This slim issue moves its poetry seamlessly from religion to nature to philosophy. Albatross is a small, chapbook-like magazine, stapled together in the center, featuring only poetry. On the inside of the front cover is a quote from Samuel Taylor Coleridge,
God Save thee, ancient Mariner!
From the fiends that plague thee thus! –
Why lookst thou so? –With my crossbow
I shot the albatross...”
which continues to the back cover of the magazine, with
And I had done a hellish thing
And it would work ‘em woe:
For all averred, I had killed the bird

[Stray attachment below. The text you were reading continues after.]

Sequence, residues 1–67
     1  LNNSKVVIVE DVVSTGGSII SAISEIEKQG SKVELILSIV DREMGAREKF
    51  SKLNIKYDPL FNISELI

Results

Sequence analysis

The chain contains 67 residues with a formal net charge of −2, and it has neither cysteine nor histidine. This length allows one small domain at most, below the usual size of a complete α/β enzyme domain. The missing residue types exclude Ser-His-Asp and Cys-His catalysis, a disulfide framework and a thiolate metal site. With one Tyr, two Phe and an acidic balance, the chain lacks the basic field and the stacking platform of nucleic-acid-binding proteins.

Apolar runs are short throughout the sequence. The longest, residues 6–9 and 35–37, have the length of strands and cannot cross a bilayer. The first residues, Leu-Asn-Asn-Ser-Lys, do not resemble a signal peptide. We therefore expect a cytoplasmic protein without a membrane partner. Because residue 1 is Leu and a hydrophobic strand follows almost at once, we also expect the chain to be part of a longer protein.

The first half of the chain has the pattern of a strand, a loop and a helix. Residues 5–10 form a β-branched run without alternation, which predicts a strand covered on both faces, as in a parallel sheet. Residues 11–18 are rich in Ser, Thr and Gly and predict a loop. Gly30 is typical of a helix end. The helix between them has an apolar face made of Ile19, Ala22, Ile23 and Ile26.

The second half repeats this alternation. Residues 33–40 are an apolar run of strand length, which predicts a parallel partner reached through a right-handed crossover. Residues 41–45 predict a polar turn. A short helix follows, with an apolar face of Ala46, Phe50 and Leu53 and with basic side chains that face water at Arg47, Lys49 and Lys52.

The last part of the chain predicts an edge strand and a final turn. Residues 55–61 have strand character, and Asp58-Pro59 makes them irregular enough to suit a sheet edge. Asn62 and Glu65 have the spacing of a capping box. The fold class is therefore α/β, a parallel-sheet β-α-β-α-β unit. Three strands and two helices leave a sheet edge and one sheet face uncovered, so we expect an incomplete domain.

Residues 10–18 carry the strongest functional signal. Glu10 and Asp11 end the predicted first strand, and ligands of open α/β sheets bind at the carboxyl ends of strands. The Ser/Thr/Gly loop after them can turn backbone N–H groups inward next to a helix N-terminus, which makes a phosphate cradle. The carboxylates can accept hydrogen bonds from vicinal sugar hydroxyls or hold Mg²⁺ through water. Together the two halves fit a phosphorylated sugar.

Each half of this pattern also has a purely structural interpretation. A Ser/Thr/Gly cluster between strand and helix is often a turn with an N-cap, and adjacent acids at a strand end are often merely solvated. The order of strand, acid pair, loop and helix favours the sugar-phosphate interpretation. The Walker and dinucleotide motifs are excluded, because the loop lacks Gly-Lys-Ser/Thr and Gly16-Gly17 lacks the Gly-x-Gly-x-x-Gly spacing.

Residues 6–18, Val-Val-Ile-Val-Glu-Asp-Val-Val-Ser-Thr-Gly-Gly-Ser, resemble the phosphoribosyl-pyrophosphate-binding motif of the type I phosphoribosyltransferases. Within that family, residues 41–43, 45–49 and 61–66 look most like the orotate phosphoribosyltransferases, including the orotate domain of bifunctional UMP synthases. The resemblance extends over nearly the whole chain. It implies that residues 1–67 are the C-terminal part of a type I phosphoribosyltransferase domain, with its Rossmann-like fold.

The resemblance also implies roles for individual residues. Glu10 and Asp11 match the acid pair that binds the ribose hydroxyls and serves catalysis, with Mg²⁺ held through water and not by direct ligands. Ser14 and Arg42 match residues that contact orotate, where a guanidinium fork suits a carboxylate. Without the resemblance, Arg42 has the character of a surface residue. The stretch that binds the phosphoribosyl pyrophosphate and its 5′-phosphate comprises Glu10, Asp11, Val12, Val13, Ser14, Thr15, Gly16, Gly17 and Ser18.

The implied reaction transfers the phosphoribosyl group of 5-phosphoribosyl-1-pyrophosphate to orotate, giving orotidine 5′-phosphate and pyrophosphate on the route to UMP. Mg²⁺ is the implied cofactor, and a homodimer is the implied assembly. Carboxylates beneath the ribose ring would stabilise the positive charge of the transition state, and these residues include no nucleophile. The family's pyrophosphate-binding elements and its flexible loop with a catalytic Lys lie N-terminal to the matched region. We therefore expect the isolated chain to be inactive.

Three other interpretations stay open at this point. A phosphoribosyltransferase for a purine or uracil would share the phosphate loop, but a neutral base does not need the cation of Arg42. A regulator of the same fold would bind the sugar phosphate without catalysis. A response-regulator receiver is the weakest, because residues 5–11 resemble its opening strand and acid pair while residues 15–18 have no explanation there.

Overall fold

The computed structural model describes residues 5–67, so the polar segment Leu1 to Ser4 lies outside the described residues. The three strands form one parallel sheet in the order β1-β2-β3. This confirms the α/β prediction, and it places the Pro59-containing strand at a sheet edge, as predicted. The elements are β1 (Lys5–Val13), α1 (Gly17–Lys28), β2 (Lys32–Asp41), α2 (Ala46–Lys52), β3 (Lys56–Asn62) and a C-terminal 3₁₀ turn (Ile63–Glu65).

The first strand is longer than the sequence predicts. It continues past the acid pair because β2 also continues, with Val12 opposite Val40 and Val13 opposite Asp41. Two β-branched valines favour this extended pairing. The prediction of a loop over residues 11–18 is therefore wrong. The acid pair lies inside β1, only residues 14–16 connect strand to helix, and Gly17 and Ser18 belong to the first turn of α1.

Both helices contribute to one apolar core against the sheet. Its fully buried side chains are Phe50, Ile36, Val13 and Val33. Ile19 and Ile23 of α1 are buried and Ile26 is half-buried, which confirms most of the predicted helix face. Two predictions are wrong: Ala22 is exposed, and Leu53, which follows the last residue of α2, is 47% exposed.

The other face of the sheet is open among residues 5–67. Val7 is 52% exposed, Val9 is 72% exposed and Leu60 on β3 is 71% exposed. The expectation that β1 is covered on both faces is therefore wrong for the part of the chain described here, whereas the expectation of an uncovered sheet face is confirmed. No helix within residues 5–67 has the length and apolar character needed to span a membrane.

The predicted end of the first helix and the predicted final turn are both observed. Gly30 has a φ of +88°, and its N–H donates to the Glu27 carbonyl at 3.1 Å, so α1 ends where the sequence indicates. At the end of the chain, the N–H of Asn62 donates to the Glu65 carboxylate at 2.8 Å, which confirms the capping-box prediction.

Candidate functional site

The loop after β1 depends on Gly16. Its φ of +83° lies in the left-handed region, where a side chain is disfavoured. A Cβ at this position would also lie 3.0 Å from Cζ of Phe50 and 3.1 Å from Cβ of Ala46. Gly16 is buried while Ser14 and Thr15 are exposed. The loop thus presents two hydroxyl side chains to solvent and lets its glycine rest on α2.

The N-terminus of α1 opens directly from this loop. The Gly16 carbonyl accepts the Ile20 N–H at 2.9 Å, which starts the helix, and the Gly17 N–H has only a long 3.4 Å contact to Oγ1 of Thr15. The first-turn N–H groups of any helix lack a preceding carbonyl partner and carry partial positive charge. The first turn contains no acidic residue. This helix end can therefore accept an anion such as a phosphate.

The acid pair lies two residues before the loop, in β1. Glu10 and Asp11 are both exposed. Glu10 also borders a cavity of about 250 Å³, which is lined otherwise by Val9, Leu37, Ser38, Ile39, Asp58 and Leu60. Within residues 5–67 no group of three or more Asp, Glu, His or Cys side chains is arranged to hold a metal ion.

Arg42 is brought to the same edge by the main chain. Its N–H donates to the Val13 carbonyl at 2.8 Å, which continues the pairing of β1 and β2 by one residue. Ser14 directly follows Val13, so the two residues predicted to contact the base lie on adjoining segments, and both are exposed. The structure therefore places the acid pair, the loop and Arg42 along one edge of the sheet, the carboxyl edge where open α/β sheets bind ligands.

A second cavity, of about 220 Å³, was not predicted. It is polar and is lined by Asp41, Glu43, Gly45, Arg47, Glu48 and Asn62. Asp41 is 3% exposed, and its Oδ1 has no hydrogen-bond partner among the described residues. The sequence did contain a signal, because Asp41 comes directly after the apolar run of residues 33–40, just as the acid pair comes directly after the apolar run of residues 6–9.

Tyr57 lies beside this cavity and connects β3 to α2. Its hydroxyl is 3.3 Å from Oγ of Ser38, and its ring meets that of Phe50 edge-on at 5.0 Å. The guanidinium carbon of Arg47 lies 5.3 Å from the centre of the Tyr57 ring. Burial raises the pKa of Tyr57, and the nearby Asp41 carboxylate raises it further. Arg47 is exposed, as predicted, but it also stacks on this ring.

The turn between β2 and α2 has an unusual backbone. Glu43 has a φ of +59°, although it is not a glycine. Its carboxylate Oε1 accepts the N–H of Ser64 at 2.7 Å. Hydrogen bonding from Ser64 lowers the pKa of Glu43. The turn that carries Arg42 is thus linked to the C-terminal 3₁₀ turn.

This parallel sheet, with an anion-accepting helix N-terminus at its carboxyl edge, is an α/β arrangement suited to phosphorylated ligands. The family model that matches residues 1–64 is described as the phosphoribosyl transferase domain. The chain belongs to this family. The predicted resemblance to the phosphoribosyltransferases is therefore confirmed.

That made the breeze to blow.
Ah wretch! Said they, the bird to slay
That made the breeze to blow!
The opening poem is by Don Thompson, “God hath chosen the weak things of the world,” which evokes a tone of barrenness, introducing a world “where nothing ever takes root.” This barrenness ties in later to the end of the magazine, where poems such as “rome” by Rob Talbert again address the issue, this time as “the wearing of things.”
The majority of poems are free verse and demonstrate a certain density of language, heavy with assonance and consonance, descriptive and lush. Though the magazine is only a short twenty-six pages, the poems collaborate and hark back to one another, creating a unified work.